Finally, I’ll outsource this one to Lloyd Alter.
|The one percent enjoying their "green" lifestyle|
The big European engineering and manufacturing powerhouse, ABB, is making a push into residential markets with their LivingSpace program, full of home automation, security and more. They show a truly lovely piece of architecture on the site (sorry about the nav button being there), a see-through glass box with some nice shades too. But somehow it doesn't seem appropriate to use it as a model for "Reducing the energy consumptions of our homes."
It is a beautiful site with unusual navigation that works well once you figure it out that things go sideways when you slide your finger down, but McLuhan said that the medium is the message, and the medium here is this big honking house. What's the message? That instead of building a house with walls, ABB will sell you "heaters, air conditioning, lights and blinds that automatically work together to create a comfortable atmosphere while minimizing energy to the max."
Perhaps I just don't understand advertising. I would have thought that anyone who cared about energy consumption would immediately ask themselves "why would I consider living in a place like that?" or "how much do I have to pay ABB to make that glass box comfortable?"The title of the post sums it up: How to reduce your energy consumption: Buy a glass monster home and fill it with green gizmos (Treehugger)
Actually, the message is clear and is the same as the three LEED projects above - "green" is a way for the job creators in their gigantic mansions to feel good about themselves and the direction society is headed.
Thus, the one percent can live in giant gizmo-filled “green" homes and jet off into space from their “green” spaceports while the rest of us are forececlosed upon and living in tarpaper shacks or under bridges. But I guess our low-impact lifestyle won't count as "green" will it? Welcome to the “green economy” – it’s a “green” economy if you have the “green” of money (with apologies to users of other currencies).
And that brings me to another conclusion that is counterintuitive. People tend to think that technologies like wind, solar, on-site water capture, and so on will empower the average person and local communities and loosen the power of centralized power structures. But what if the opposite is true? What if all these technologies hand the one percent even more power? Under our current socioeconomic system, what if these technologies allow the one percent to establish their libertarian utopia where they don’t need the rest of us and can tear up the social contract even further than they already have.
What brought this to mind was finding this old article from 2009: Inside the Indian Building Hillary Clinton Calls a Green Taj Mahal (Treehugger):
Located in the satellite city of Gurgaon, the ITC Green Center is said to reuse all the water that lands on it and recycles all the water it uses. Its insulated glass keeps out heat and lets in abundant natural light. Ten percent of its wood is certified, and its landscaping relies on local plant species. The building has reduced its energy and water consumption by 51 per cent and 40 per cent, respectively.
When it opened in 2005, it became the world's largest completed LEED platinum rated green office building. "If all new buildings were designed in the same standards as the ITC Green Centre, we could eventually cut global energy use and green house pollution by more than 20 percent and save money at the same time," she said.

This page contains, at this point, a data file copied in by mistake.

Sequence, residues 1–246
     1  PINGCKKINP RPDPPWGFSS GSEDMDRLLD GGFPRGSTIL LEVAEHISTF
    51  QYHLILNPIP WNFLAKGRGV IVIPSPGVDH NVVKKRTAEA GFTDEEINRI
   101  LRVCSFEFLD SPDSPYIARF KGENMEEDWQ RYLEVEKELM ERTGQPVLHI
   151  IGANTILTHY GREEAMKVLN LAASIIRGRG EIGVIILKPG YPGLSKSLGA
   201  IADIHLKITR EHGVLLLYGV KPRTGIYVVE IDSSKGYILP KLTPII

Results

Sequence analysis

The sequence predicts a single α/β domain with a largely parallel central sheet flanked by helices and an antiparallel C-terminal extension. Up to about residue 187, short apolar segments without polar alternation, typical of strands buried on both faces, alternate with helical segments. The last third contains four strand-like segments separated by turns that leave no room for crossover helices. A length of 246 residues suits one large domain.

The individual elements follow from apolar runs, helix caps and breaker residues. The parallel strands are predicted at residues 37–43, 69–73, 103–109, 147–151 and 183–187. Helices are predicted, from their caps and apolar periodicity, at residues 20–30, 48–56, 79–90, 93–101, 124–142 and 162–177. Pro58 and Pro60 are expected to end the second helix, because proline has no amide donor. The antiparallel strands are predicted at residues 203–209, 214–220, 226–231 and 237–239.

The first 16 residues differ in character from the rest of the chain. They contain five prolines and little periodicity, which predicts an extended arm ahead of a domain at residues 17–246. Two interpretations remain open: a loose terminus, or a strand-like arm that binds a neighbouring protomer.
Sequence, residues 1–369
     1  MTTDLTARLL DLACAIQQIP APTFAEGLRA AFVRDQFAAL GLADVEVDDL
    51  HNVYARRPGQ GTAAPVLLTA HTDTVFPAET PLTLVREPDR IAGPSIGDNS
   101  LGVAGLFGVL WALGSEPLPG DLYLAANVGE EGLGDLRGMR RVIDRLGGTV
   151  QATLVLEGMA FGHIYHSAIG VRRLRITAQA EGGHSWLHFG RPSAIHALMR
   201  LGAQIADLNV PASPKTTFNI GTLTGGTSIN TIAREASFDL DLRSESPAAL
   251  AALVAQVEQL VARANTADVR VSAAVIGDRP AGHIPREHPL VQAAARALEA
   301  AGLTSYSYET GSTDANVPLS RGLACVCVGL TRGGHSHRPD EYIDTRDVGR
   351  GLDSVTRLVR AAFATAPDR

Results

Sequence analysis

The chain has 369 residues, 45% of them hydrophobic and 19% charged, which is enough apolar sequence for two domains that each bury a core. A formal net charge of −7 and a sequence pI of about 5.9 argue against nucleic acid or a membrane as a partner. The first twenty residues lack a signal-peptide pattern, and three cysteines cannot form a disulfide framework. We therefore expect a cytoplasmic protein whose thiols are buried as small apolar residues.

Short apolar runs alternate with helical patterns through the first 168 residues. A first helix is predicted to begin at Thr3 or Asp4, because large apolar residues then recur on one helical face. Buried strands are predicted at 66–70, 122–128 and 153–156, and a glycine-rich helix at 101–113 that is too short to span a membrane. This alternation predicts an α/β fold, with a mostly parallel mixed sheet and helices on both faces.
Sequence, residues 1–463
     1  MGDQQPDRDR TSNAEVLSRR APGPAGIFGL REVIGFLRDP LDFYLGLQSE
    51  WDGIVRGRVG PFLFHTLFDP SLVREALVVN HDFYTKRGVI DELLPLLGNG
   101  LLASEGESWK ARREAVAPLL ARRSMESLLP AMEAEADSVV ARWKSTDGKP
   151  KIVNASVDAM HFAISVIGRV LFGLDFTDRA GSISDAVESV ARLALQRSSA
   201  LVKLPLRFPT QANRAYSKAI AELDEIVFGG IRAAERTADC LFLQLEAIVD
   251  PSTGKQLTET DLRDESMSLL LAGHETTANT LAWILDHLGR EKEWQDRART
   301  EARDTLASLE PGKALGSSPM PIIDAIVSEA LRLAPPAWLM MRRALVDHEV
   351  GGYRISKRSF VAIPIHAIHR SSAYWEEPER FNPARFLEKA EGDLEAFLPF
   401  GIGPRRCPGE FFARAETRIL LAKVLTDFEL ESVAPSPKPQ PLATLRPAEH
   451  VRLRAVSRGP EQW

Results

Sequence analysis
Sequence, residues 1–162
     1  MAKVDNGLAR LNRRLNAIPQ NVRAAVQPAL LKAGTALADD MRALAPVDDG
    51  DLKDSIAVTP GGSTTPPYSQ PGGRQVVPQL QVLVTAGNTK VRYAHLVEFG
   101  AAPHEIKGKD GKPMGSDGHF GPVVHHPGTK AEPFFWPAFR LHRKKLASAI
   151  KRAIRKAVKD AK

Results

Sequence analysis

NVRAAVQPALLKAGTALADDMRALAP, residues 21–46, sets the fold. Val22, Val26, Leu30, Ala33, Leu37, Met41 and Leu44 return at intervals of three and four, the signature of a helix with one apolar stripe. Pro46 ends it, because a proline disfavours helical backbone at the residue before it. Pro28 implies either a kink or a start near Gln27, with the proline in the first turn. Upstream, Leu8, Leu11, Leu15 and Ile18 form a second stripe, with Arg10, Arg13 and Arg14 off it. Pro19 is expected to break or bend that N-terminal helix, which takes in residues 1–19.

With lower utility bills, the company will break even on its investment (given an extra cost of 12 per cent over a typical building) within five years and then begin to see subsequent savings.
"The monument is a building to the future. The Green Centre not only represents the promise of a green economy but also demonstrates the partnership of India and the US in the 21st century," she added.
Gurgaon is also home to the LEED platinum rated headquarters for Wipro. The building has saved the company Rs 1 crore in power costs annually, or 55 per cent of its energy consumption. The extra cost of its construction—six to eight per cent over a normal building—is expected to be recovered in five years.
The Indian Green Building Council (IGBC) is targeting 1,000 LEED certified buildings by 2010, up from 140 last year. Currently, green buildings covering 67 million sq ft are being constructed all over the country, up from 20,000 sq ft in 2003.
|Green Building - good for elites like Hilllary, but bad for us?|
As in China, the green building movement remains mostly relegated to large corporations, which have more capital to invest in sustainable practices and a significant interest in burnishing their reputations both at home and abroad.
In addition to the hospitality and IT industries, the ITC Group, the conglomerate behind the center, makes its money through tobacco.
As with SOM's "zero-energy" tower for the China National Tobacco Company, talking about health out of one side of your mouth and smoking with the other is hardly convincing.Guragon, you may recall, is India’s “Voluntary City” a nice euphemism for the Neoliberal endgame for all of us. It’s the Libertarian wet dream. This is a city where there is no common anything; an area of no taxes or governance where it's every man for himself. Wealthy corporations pay for everything themselves, while the unlucky poor live in squalor. Here is the coverage of Guragon: